One of the stakeholders in that universe is regulators, and Uber has been famously … gave the middle finger to regulators their whole existence basically, or at least until very recently. That’s not sustainable. Eventually someone’s going to get tired of that happening and they’re going to make a dramatic change that could potentially wipe them out. I think you can’t really rest your hat on sustainability unless all the players in the ecosystem are feeling like this is winning and wants you to win as well.

Tobias Carlisle:
Is Uber an example of something … The regulatory system was a problem. There weren’t enough taxis around. The taxis weren’t good enough once you got in. You couldn’t pay with a credit card, all that stuff that’s pretty basic. Uber hasn’t done anything, again, that amazing, but it is a far superior product.

Bill Brewster:
Yeah. Well, the taxis were regulatory arbitrage, right? It was supply constricted and people were paying people. That was BS. I sort of understand why Uber did that. Jake and I actually talked about this earlier this week, and he had brought up 3G as an example of somebody that pushes their suppliers maybe too far and eventually that could bite them, which is why I made that comment.

Bill Brewster:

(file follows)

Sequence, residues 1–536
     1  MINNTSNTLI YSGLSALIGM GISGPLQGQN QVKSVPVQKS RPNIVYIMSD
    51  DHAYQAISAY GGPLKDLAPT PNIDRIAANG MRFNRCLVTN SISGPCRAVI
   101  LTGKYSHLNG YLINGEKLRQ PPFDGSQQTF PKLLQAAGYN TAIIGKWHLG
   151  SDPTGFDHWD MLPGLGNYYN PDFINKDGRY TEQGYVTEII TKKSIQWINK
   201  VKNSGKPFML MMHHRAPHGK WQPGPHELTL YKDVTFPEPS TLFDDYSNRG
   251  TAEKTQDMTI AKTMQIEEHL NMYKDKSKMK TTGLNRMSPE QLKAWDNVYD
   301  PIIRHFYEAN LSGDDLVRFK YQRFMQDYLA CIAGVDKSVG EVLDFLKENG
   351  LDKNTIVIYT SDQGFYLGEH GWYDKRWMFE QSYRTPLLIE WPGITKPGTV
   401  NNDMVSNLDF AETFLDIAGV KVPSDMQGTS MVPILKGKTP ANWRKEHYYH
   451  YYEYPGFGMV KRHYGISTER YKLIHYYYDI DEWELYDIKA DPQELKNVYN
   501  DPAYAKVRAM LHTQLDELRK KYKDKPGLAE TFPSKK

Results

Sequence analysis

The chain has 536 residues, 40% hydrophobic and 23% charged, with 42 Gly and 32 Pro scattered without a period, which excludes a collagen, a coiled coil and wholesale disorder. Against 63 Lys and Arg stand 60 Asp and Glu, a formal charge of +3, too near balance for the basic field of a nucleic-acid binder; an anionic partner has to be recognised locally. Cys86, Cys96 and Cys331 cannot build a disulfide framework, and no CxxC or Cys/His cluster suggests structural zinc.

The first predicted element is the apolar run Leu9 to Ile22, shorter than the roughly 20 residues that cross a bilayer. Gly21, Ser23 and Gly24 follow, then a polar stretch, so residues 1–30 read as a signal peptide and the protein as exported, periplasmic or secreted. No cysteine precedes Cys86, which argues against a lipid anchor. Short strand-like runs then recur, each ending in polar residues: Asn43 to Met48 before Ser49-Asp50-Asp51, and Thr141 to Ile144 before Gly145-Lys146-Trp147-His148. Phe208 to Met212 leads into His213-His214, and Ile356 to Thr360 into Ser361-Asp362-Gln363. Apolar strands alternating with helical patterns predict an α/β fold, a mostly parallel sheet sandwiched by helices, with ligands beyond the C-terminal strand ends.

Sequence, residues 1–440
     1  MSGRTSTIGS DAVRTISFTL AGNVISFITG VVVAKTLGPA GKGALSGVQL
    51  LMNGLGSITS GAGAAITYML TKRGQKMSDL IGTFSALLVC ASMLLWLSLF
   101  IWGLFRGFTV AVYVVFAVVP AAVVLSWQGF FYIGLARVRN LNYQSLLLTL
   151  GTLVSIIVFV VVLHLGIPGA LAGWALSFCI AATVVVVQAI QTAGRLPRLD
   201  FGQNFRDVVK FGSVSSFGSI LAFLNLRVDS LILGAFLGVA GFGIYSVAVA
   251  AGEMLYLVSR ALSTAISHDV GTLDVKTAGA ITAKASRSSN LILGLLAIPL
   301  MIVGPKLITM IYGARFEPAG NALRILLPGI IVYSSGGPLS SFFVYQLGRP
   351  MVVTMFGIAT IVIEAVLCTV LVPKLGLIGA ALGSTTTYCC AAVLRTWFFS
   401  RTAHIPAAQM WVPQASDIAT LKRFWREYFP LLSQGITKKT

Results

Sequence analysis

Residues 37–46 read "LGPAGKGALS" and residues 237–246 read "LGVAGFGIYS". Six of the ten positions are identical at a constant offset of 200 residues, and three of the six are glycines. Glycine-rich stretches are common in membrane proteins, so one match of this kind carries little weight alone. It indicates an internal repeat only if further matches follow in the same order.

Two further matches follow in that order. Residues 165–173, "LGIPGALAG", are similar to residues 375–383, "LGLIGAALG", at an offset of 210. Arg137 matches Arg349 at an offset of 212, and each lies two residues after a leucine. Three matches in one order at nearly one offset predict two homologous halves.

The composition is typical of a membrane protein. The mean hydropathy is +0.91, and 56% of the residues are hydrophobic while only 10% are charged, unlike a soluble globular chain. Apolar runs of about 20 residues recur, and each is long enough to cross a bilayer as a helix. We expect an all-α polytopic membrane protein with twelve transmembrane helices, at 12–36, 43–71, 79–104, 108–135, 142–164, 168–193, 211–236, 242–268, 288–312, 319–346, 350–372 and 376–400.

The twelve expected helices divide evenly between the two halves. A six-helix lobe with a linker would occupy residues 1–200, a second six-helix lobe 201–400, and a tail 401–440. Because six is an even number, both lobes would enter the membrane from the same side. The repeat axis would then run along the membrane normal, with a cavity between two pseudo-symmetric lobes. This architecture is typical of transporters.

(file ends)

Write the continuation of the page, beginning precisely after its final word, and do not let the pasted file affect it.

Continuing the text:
The culture thing is something that I was thinking about, because on our last podcast you had asked, “Isn’t that replicable?” One, I think it’s super interesting that we’re talking about a Missouri company. I think Brent Beshore is in the process of doing this again. I tried to give him money. He didn’t need my money. That’s fine. If he ever goes public, I’m going to give him money. I think Brent Beshore is legit the real deal. I don’t hang out with him normally. I might be wrong. But we’ve hung out a couple times, and he’s a really impressive individual that I think is worthy of the praise.

Bill Brewster:
And we were talking about Markel. Tom Gayner is who everybody knows, but one of the guys, Dan, that he hired, that guy’s background was from grants or at least –

Jake Taylor:
Interest-rate observer.

Bill Brewster:
Yeah, he had written for grants. That wasn’t his whole background. That’s sort of a different mind frame. Bringing in [Sirab 00:49:49] to me is incredibly smart. Sirab is a gem of a human, really, really intelligent and interested in things, brings a tech background, is a gateway to India. There’s just a thousand ways to win.

Bill Brewster:
And I think that when you have someone that’s looking to hire other people like that, that is interesting to me, and that creates conversations internally that I think make the organization much stronger.

Jake Taylor:
Let me ask you this: does the market misprice those kind of situations?

Bill Brewster:
I don’t know that it’s mispriced. I know that I have an allocation to Markel because I want to be partnered with those guys. I think that they are reasonably good at business, and I like the way that they look at the world. So if I’m going to give my money to somebody … Some of this is almost like Guy Spier. There’s some metaphysical attraction, whatever. But I want them to succeed. I think they will succeed. The IRR may not be as perfect on a spreadsheet as you might want, but I bet that the outcomes are higher than what you’ve underwritten in an organization like that. That’s why I made that bet.

Jake Taylor: